It’s a goddamn ripoff! Say no more, I shan’t hear it.
Well, it’s true that Inception bears similarities to Paprika, the final completed film by Satoshi Kon. The similarities end at premise, where both involve agents who enter people’s dreams, as one story feels distinctly western — ‘daylight noir’ atmosphere, mano a mano action and explosions, and tragic romance as backstory. Paprika on the other hand is saturated and colorful, and deals in themes of childhood, nostalgia, the loss of innocence, becoming one’s true self, and stigmatic romance as the bright, bright future.
If a good idea exists, Inception will get the pass for co-opting it because A) it takes it in the opposite direction, a fresh perspective, and B) Inception is so good.
This is one of those movies that I never remember how much I like until I’m watching it. 100% of that is its popularity. At 21, I think I’m nearing the point beyond being stubborn about admitting to liking hyper-popular things, but for Inception it isn’t just quantitative, nor my focused, laser distaste for The Dark Knight.
People specifically compare Inception to the last mindbender action scifi, which was indeed The Matrix, from eleven years earlier. The idea that any human being person can honestly believe that Inception, while great, is better than The Matrix…
I don’t know, man. We’ve rapped on some heavy themes — misogyny, war, violence — but this is one that hurts my heart in a special place.
Inception, let me ask you about these. Art design? Nope. Iconic characters? Nope — yes! Well, they’re archetypes, but not archetype-setters. Fleshed out characters/character dynamics? Not really… The most cathartic and thrilling finale with escalating set pieces and the swell of emotion as Neo fulfills his destiny and the helicopter hits the building and explodes and when he turns in the subway to face Smith and when he gets brought back to life and the Sentinels and don’t you fucking forget the iconic moment of bullet time still so cool even after all this—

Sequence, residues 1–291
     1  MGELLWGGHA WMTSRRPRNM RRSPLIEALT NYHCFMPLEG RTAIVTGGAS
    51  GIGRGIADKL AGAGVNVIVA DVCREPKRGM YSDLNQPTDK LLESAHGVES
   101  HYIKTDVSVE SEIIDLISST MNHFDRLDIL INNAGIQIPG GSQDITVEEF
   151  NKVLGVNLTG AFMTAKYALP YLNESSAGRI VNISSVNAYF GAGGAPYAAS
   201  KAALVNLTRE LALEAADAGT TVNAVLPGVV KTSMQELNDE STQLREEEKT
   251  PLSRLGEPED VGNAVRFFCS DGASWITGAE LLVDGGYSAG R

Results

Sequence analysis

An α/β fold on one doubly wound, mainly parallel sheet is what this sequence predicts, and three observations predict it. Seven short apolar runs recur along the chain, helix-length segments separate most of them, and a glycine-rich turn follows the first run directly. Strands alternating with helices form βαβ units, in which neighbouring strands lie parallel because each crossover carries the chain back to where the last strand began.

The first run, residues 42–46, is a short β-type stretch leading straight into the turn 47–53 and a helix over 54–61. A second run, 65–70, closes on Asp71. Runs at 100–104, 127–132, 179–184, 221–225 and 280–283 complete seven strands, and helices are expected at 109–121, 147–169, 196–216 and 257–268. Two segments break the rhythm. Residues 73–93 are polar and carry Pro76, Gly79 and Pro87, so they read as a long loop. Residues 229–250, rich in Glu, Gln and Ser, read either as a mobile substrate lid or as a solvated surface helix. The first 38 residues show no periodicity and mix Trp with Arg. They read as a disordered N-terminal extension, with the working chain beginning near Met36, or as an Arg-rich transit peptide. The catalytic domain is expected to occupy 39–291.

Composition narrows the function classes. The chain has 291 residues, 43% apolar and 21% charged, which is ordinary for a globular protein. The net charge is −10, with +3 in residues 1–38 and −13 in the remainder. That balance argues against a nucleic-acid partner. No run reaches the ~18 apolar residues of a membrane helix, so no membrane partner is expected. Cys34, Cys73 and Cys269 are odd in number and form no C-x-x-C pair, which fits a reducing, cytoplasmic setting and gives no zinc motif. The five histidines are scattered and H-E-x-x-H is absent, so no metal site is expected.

However, Inception is an emotionally satisfying, intensely exciting action movie with a compelling high concept and one pristine, jaw-dropping set-piece.
Any kind of science-fiction reworking of corporate espionage would be neat, I think, and this is a very extreme idea. Why the movie wasn’t about stealing ideas but implanting them, such that you’d have to introduce two scifi ideas in sequence… not really sure. But it paid off. Proof is in the picture, as they say, I’m sure.
I actually quite enjoy Dom Cobb’s (name? No) backstory, because it applies the high concept to human drama. It’s a natural exploration of the world Christopher Nolan has created and he goes on to explore it as much as is appropriate for Dom’s story. His gripping directing style is perfect for a ticking-bomb story, where we learn the rules, and then see the walls come down — and know exactly why everybody’s screwed, and can’t wait to see how they’re gonna get out.
God, I fucking love The Matrix. Paprika’s pretty good too.